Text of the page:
'I got it in the days when movies moved slower,' says Hollywood A-lister Tom Hanks of the Airstream caravan that served as a home-from-home while shooting some of his biggest hits of the past 30 years, including Forrest Gump, Apollo 13 and Sleepless in Seattle. But now Hanks is offering the polished aluminium 33-footer at a Bonhams classic car auction in Carmel, California, on August 13 - where it's tipped to realise up to $250,000.
'And you haven't lived well until you survive a movie-stopping thunderstorm in an Airstream while on location in Carolina.'
But if thoughts of 'trailer park trash' still spring to mind when you see 'U.S.A' and 'caravan' written in the same sentence, there's a good chance that you've meandered through life without hearing about the late Wally Byam, inventor of the Airstream and a man so very American that he was born on 'the fourth of July' (1890).
Byam developed a wanderlust as a result of riding with the mule trains that his dear ol' gran' pappy ran out of Baker City, Oregon, later lived in a shepherd's hut - one made for real shepherds, not for English second home owners with literary aspirations - and then plied the bitter waters of the Bering Sea as a hired hand on a tugboat shuttling between Astoria and Alaska.
Byam eventually settled down, married a woman called Marion James and founded a business publishing DIY magazines, one particular issue of which contained plans for 'how to build a travel trailer.'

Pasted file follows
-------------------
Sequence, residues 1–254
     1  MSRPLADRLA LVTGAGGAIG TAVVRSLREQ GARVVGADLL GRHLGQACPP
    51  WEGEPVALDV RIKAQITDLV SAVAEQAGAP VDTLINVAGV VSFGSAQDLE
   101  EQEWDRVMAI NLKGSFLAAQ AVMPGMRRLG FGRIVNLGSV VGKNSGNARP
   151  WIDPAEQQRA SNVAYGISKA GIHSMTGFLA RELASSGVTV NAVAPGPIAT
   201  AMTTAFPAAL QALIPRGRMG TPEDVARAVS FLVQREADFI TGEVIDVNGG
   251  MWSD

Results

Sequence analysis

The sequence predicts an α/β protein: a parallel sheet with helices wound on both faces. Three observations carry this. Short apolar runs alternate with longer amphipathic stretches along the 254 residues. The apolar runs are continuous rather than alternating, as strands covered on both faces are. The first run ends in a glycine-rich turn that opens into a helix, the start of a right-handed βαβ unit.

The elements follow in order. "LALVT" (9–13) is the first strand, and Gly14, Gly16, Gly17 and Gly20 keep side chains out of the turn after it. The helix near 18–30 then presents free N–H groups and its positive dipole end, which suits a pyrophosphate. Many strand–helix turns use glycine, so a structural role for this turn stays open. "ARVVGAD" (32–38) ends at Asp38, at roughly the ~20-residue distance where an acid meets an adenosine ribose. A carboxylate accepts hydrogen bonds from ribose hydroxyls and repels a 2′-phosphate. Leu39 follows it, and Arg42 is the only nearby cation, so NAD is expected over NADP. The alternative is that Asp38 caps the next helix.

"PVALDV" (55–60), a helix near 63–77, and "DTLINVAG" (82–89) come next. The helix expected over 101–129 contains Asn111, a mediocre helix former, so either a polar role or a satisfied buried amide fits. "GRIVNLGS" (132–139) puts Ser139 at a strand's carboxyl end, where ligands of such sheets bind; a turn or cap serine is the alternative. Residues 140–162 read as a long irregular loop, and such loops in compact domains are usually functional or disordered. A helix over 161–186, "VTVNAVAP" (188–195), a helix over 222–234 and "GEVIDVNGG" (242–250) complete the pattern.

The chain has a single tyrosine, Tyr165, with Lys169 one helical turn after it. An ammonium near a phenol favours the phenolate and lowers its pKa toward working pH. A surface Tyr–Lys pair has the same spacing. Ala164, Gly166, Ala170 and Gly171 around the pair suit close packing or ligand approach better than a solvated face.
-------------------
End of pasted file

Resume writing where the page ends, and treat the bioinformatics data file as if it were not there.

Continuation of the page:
In reality, they should have been called 'how NOT to build a travel trailer,' because the instructions proved to be all wrong and elicited a flood of complaints after furious readers found themselves knee-deep in pieces of odd-shaped plywood that refused to fit together.
Airstream proper was born when Byam opened a small factory in Culver City in 1931 - although it was to be another five years before the first aluminium-clad travel trailers hit the road. They were based on the earlier 'Road Chief' created by aircraft designer William Hawley Bowlus who worked on the Spirit of St Louis, in which pioneer aviator Charles Lindbergh made the first solo, non-stop flight across the Atlantic in 1927.
Byam had been a Road Chief salesman, but when production stopped in 1936 he adapted the design to create the original, aluminium Airstream, the 'Clipper', which could sleep four, carried its own water supply and featured electric lights and an air conditioning system powered by dry ice.
The onset of war temporarily put the skids on Airstream's business and Byam was forced to shut the factory down. But experience in fabricating aluminium meant he and many of his staff quickly found work with California's Lockheed and Curtis Wright aircraft companies.
The brand was soon introduced to Europe when Byam and his tycoon friend, Cornelius Vanderbilt Jr, took an Airstream on a tour of the war-ravaged continent in order to make films for a series of lecture tours - creating what was dubbed 'the world's most travel(l)ed trailer' in the process.
Today, around 85 new Airstreams are built each week at the factory in Jackson Centre, Ohio and more than 200,000 are thought have been made since the firm was founded.
Little could they have guessed that a 13-year-old boy called Tom Hanks from Concord, California would also end-up sitting in an Airstream 25 years later - and that he, too, would be dressed as an astronaut.